Takeaway: A classy envelope communicates that you’re not with the pack. Don’t treat your donors like just another donor and they won’t treat you like just another nonprofit.
2) Postage That nonprofit postage is definitely cheaper than mailing first class, but should you do it? If you can reasonably afford first-class postage, you should consider it as its response rates are noticeably higher as are average first gifts.
If you can’t afford first-class postage for every donor, then prioritize and work your way down. Start with board members and donor club members, and then donors who give $1,000 or more. As your mailing budget grows, increase those who get first class postage. I can spin theories till the cows come home as to why people respond better to first-class mail, but they do and though it’s not for every situation, it’s a great tool to have in your belt.
Takeaway: A first-class stamp communicates that you value a donor relationship enough to treat them like a normal person you’d mail, not some name on a bulk mailing list.
3) Personalization Personalized letters also overwhelmingly outperform the competition. Build a database that allows you to address your donors like normal humans. Don’t be that guy that goes around slapping people on the back while calling them “pal” and “buddy” because you’re too busy to remember a simple name, put it to a face, and build even the most basic of relationships. The message that conveys is: “You’re not worth my time, Chum”.
Takeaway: Make sure your donors know that they are worth at least enough of your time to address them by name.
4) Letter length Once again, bigger is better. I have to bend clients over a barrel to send letters longer than two pages. Once again, test after test proves that longer letters perform better. And I don’t mean four pages. Try ten or twelve pages.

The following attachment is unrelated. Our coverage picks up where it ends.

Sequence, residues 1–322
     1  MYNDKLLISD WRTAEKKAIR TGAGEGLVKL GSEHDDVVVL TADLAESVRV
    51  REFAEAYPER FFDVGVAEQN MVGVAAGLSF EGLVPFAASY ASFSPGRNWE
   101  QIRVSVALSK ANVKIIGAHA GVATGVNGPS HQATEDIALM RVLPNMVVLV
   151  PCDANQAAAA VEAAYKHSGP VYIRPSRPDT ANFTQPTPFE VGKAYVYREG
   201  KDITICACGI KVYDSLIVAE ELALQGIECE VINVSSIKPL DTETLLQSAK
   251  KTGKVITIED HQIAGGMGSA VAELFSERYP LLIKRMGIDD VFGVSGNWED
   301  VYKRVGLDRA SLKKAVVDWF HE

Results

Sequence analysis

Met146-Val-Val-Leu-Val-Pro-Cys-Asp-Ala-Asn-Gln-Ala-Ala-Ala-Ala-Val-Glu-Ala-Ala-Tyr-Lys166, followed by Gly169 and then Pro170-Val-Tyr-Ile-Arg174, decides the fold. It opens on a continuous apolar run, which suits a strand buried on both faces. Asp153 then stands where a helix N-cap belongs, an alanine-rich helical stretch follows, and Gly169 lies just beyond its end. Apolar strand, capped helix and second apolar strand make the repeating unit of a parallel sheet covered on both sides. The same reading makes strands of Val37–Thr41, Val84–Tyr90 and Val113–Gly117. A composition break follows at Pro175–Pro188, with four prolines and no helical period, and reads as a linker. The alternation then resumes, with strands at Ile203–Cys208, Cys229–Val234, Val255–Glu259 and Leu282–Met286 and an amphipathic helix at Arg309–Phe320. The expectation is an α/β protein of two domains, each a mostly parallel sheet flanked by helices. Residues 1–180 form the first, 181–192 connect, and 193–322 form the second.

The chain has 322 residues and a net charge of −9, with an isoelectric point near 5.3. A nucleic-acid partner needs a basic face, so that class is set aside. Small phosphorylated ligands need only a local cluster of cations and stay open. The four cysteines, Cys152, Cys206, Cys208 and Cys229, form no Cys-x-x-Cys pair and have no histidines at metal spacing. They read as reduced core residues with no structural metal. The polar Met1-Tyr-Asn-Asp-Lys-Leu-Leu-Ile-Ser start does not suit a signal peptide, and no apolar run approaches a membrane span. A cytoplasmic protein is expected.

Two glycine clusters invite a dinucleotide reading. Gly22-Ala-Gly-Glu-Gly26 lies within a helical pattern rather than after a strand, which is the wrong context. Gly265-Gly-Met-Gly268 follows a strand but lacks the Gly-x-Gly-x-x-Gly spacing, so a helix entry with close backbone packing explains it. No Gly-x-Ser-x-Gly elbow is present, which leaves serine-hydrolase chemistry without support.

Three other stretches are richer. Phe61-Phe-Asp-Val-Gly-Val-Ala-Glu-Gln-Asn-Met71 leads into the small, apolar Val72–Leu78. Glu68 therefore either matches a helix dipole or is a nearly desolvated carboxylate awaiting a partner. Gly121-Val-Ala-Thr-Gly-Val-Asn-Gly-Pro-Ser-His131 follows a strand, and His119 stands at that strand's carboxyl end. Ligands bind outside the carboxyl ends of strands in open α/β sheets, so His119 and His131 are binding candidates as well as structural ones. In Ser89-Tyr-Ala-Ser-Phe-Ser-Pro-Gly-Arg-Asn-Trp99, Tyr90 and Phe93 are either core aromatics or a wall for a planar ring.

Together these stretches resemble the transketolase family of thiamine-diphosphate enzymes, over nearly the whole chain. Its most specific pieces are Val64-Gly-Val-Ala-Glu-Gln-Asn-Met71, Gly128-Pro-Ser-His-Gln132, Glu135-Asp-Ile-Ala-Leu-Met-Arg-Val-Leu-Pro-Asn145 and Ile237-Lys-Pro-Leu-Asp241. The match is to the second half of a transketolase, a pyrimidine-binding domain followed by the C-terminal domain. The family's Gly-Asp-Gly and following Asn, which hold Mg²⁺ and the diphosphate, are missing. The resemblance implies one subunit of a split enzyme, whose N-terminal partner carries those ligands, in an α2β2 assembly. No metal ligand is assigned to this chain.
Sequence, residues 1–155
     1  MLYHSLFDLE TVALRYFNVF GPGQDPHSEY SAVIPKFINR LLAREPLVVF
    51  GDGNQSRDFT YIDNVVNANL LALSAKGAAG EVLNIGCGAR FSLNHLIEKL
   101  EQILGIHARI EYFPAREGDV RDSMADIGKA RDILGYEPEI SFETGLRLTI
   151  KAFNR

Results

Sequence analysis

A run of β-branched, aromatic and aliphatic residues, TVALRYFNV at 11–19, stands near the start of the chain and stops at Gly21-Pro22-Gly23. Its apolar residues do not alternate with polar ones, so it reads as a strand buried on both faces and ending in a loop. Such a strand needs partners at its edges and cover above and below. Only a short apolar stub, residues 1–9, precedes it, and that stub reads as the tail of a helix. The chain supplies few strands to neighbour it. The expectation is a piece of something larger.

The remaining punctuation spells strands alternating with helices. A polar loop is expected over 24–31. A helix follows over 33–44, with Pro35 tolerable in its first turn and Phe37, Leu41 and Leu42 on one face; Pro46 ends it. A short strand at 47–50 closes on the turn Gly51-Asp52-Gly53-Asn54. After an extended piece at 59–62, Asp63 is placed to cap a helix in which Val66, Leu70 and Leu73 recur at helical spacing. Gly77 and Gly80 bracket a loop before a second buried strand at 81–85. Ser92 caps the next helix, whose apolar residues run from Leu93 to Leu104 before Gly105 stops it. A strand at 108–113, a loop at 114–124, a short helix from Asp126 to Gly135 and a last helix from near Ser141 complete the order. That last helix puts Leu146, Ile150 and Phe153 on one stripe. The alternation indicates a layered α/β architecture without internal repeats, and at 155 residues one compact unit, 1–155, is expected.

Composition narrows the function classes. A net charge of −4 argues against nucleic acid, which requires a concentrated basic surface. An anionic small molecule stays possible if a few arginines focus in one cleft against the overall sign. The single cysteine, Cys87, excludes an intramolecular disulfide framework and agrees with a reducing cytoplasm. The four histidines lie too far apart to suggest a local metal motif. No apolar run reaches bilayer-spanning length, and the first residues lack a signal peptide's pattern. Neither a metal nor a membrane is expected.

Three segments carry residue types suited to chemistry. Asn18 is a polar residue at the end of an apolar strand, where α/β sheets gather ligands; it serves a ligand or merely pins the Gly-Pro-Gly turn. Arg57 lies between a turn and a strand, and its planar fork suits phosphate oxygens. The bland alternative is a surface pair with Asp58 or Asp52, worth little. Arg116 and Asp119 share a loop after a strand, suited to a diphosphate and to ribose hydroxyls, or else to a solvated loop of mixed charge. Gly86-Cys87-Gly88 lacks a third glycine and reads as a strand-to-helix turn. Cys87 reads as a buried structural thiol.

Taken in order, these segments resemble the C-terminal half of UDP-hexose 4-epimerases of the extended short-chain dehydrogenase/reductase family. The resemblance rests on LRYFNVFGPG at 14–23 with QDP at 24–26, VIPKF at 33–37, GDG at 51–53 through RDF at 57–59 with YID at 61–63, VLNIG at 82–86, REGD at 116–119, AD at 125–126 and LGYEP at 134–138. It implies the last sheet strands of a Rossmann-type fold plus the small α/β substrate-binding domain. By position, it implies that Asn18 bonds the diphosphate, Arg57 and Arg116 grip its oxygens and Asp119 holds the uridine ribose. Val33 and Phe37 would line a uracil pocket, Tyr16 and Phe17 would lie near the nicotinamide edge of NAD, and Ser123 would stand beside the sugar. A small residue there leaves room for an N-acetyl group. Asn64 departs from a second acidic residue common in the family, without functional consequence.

I know it sounds ridiculous. I just said donors are busy and that’s true. But at the end of the day so much of my client’s caterwauling about page length comes down to this “Our donors don’t want to hear from us” or “We don’t want to bother them.” That’s a deadly mindset. Your donors are donors because they appreciate what you do. What’s more, they not only appreciate what you do, they go to work every day and give you their hard earned money to champion your cause.
Takeaway: Your donors want you to succeed, and they want to be a part of that success! Send them a letter that shows you have something to say, and that gives the impression they are worth more than a glorified tweet.
Communication is more than just what you say. It is how you communicate. Donors want to feel special, valued, and understood. How you show that is up to you, but remember, the medium is the message.
It’s my goal to help purpose-driven organizations achieve their fundraising goals, craft clear and compelling communications, and achieve greater influence. Please let me know if and how I can be of help to you. Feel free to shoot me an email at email@example.com. You can also check out consulting services online at AmericanPhilanthropic.com, as well as fundraising seminars and events throughout the year.